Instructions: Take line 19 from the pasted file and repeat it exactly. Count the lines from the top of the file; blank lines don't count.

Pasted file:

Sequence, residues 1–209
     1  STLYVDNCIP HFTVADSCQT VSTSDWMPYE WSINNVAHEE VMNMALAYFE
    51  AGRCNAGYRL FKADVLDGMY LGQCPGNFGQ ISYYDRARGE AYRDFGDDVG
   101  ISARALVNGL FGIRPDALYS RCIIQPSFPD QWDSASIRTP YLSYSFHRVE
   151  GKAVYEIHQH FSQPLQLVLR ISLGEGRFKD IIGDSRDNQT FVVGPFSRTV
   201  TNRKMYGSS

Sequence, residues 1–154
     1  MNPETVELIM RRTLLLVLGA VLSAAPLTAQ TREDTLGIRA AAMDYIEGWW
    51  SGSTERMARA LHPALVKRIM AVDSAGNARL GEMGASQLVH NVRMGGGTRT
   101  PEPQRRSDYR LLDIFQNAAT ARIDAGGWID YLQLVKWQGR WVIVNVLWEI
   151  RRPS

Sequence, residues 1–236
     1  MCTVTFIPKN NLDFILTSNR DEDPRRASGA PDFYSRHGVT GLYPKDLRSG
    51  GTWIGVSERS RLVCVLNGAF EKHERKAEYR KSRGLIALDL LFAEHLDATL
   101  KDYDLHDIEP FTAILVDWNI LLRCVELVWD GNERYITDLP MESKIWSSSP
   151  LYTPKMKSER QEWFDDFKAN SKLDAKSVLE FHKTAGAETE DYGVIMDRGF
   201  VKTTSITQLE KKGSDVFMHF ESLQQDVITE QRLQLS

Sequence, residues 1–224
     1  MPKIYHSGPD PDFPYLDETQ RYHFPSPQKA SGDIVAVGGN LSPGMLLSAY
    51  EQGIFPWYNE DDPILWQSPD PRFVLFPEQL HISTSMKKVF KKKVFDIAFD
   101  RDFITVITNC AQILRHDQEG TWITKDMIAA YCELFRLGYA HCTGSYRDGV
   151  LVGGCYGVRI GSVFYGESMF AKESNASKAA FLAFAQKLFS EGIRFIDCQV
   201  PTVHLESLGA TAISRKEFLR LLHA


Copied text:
     1  MPKIYHSGPD PDFPYLDETQ RYHFPSPQKA SGDIVAVGGN LSPGMLLSAY